This ensemble rolls with the punches but comes out swinging.
Last Thursday and Friday night we attempted to perform a “stumble-through” rehearsal of all five acts of Twelfth Night with both casts. I knew it wouldn’t be a cake walk for a multitude of reasons. As we near the end of the first marking period, tensions always run high, especially amongst the Juniors and Senior in the cast. I’ve had several conversations with the cast about the need for self-care and doing what makes them happy (even when that means taking a break from rehearsal) and not just doing what is expected of them. While I marvel at just how much these young people accomplish on a daily basis, I struggle with feelings of guilt when it comes to adding to this enormous workload with the daunting task of mastering the work of the Bard. I comfort myself with the knowledge that they are receiving a tremendous educational benefit from this work, but sometimes I wonder just how much they can be pushed considering all that they do.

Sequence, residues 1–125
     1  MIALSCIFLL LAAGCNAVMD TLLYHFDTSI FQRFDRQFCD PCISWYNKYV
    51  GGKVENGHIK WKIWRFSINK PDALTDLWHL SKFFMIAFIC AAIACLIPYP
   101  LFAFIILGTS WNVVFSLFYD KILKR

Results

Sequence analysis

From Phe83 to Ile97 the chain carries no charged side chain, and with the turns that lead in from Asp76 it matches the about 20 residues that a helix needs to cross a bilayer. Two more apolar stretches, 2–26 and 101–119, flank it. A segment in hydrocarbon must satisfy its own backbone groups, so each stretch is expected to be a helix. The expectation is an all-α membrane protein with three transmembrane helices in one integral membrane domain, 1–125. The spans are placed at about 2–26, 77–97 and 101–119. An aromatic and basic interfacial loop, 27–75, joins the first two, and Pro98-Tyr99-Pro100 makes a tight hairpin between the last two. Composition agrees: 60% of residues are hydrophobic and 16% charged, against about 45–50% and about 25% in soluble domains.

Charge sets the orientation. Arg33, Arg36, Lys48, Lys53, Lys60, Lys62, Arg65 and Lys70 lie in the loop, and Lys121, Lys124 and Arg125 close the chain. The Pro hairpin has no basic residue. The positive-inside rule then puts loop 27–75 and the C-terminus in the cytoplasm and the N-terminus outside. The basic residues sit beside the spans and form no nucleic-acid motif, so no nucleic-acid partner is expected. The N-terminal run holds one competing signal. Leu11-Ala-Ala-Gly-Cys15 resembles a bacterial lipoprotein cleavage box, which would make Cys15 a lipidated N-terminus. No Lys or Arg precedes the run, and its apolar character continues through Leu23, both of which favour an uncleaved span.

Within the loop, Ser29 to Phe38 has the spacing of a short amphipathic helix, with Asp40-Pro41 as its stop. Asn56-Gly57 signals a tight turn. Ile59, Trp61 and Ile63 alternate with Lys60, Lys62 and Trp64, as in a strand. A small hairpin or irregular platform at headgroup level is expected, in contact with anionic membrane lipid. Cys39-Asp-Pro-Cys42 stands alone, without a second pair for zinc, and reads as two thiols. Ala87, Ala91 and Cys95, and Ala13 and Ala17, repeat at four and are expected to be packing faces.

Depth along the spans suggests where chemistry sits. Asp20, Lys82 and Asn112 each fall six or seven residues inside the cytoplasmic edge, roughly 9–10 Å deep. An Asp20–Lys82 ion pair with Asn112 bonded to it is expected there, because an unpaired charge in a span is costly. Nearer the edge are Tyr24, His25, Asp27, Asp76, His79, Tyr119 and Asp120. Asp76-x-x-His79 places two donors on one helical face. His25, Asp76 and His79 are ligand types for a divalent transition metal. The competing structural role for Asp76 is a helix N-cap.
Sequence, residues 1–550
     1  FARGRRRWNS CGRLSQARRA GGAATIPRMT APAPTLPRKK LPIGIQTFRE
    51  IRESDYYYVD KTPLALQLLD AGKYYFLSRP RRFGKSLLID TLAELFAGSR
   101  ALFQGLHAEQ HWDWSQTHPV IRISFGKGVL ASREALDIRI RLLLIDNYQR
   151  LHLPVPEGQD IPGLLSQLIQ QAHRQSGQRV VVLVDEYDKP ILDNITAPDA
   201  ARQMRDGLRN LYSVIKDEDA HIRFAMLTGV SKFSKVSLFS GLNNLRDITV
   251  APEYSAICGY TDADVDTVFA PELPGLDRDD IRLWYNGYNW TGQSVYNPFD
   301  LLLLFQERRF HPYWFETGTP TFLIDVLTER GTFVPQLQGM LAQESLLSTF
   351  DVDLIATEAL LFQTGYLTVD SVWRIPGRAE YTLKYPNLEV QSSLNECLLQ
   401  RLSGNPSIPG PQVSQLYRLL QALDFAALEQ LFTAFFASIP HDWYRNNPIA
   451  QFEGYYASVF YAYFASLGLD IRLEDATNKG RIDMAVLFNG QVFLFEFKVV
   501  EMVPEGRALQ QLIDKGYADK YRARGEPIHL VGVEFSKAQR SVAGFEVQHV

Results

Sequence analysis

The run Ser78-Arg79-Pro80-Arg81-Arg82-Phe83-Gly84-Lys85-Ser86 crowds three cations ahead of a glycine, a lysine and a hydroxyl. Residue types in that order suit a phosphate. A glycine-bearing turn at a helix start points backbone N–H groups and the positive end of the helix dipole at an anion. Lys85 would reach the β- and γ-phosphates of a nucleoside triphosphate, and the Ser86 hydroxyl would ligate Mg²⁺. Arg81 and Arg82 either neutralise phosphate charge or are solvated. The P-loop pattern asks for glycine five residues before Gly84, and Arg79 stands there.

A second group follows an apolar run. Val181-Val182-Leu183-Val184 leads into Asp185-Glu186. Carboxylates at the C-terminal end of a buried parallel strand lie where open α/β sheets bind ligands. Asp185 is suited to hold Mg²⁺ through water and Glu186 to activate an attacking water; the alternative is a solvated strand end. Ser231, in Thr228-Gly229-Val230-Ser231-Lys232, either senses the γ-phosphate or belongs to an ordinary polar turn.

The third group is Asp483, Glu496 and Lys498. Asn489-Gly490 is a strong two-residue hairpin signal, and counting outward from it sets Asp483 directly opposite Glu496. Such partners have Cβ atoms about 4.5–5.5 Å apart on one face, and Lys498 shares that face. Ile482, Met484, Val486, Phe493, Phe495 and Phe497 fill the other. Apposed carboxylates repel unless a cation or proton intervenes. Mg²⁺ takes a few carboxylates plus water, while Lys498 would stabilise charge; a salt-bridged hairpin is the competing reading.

The stumble-through curveball
Last Friday evening we were well into our stumble-though in the auditorium when we were dealt an unexpected curveball: the band needed to warm up for the football game in the auditorium. Being relatively new to the Herndon community, I was fairly oblivious to the game schedule, but not so oblivious as to stand in the way of the Pride of Herndon’s success at the game (the Hornets won the game, btw.).
With no more than a few minutes notice, the cast and crew high-tailed it over to the drama classroom and we all piled in to continue the stumble-through. Not only did we keep our momentum despite being totally uprooted, the cast performed brilliantly. Perhaps it was the sense of urgency they received from the curveball, or perhaps it was the end-of-the-week catharsis everyone needed, but I was so proud of the ensemble in that moment. I was reminded of the words of one of my favorite directors, Kama Ginkas, who used to say, “Obstacles are our savior. If you step into the boxing ring (one of his favorite metaphors for theatre) thinking you’re not getting punched, you’ll end up flat on your back.” After the versatility and perseverance of the ensemble on Friday night, I feel we are going to deliver a knockout of a production.